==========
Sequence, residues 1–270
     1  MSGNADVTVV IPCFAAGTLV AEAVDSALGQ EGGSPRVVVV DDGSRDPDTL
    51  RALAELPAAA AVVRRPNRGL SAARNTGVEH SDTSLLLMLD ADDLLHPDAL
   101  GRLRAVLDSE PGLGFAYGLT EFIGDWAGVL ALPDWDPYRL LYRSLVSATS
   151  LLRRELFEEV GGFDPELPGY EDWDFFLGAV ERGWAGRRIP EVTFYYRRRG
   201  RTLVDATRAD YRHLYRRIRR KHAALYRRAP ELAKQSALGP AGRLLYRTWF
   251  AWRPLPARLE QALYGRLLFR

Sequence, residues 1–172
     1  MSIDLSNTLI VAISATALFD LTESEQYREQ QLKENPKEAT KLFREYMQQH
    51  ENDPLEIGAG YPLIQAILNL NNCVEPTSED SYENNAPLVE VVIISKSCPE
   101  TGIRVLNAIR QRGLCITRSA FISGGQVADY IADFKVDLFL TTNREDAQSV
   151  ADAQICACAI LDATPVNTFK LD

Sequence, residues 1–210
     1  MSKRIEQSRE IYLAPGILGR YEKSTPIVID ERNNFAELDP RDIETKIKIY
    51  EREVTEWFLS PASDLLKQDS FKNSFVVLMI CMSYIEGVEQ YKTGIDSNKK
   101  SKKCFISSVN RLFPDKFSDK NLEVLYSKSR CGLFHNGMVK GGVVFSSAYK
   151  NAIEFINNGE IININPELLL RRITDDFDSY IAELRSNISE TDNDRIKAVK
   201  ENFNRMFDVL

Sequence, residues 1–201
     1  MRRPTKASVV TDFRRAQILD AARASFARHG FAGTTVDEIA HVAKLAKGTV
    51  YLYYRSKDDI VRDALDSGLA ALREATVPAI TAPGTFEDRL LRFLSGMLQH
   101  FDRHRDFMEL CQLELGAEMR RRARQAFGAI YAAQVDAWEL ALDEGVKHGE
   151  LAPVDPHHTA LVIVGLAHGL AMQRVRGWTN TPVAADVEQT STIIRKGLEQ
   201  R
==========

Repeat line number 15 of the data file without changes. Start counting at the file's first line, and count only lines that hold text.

    51  EREVTEWFLS PASDLLKQDS FKNSFVVLMI CMSYIEGVEQ YKTGIDSNKK